Leadership overview

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The origin of this online Bushwalking Manual is the Bushwalking and Ski Touring Leadership Handbook that was last published in 2000 for the Bushwalking and Mountaincraft Leadership Certificate Course (BMLCC).

The BMLCC ran in Victoria for 35 years from the 1960s until 2003.  Eight hundred people graduated from this community-based and run bushwalking leadership course and its offshoot, the ski tour leaders course. 

The BMLC Manual became recognised as a most useful, practical guide for all bushwalkers and became a reference used across Australia. 

This online manual, published and fully revised by Bushwalking Victoria, is a further evolution of  practical guidelines for all bushwalkers and bushwalking trip leaders for safe, enjoyable community-based bushwalking in Australia.

Bushwalking trip leadership: ranging from informal to formal 

A group of friends going bushwalking may have no-one in a leadership role, and for solo bushwalkers a trip leader is redundant, while bushwalks organised by bushwalking clubs have appointed trip leaders. 

Lake Rhona, Tasmania
Lake Rhona, Tasmania

For informal bushwalking trips (e.g. a group of friends or family group) with no designated leader, it is very important that the leadership functions still occur to ensure a well planned, safe and enjoyable bushwalk.  These leadership functions may be shared across members of the group. 

Those with a leadership role need to have the necessary skills, experience and attributes.  Shared leadership functions should be coherent and coordinated. 

For example:

For a small group of friends who regularly walk together, various leadership tasks and functions may be well understood and taken care of. Members of the group are well aware of each other’s capabilities and of the type of trip being organised.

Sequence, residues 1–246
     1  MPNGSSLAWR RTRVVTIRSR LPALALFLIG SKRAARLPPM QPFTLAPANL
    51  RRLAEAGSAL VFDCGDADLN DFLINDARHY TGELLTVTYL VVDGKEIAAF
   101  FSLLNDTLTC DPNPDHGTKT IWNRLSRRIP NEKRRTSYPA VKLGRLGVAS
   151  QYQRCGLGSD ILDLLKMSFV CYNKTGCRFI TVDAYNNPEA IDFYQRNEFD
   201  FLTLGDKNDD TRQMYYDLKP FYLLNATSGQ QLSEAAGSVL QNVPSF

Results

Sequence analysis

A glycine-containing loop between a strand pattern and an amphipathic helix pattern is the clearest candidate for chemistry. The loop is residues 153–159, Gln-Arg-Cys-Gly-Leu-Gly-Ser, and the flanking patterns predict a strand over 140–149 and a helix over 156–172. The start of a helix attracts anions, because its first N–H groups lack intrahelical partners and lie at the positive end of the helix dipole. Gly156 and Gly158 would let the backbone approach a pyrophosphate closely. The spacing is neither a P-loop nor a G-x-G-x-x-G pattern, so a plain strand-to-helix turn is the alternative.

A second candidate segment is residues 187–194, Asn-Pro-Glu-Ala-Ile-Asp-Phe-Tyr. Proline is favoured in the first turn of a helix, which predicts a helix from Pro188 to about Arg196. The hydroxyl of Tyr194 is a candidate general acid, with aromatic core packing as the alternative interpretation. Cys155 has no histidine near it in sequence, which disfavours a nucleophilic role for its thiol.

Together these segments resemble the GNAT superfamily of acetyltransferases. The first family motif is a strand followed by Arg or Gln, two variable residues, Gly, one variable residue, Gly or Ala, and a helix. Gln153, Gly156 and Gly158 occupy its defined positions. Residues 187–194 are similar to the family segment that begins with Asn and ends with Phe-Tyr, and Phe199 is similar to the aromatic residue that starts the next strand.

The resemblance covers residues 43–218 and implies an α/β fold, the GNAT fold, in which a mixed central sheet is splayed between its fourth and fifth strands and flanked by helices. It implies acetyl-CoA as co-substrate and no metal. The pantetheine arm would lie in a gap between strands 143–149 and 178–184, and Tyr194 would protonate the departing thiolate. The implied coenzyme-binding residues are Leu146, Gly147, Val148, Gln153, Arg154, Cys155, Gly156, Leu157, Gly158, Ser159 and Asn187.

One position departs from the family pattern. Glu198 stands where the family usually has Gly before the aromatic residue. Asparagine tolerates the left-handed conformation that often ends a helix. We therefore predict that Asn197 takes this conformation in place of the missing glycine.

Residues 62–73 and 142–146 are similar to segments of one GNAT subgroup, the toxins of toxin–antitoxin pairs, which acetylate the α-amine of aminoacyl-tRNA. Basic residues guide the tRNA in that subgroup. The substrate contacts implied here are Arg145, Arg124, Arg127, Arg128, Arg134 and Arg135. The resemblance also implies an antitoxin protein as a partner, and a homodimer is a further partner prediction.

Sharing trip leadership functions in an informal group where members don’t know each other well can compromise the safety and enjoyment of the trip if leadership functions are poorly executed or overlooked.

For example, difficulties on a trip may be encountered if: 

  • The trip is poorly or incompletely planned
  • The trip is beyond the capabilities of some group members
  • Some group members do not have appropriate clothing or equipment
  • The leader fails to respond to adverse weather forecasts and events.

Bushwalking club trips with appointed leaders

Bushwalking Clubs have policies, processes and practices to ensure enjoyable and safe trips for their members. These typically include:

  • A Trip program (or calendar) provides  information on a varied walks suitable for the club’s membership. Some clubs may choose to focus on day walks, while others may focus on extended trips.
  • Trip leaders are appointed with appropriate skills and experience for the trip
  • New leaders are supported through formal and informal mentoring and training
  • Trips are well described and advice is readily available for intending participants to ensure that their decision to join the trip is informed. Some clubs use a trip grading system. 
  • Experienced walkers on trips on trips provide support for new leaders and new members.
  • Trip leaders check that intending participants have adequate skills and experience for a trip, especially on more challenging ones.
  • Club members have collective “local knowledge” of walking routes and areas from previous trips.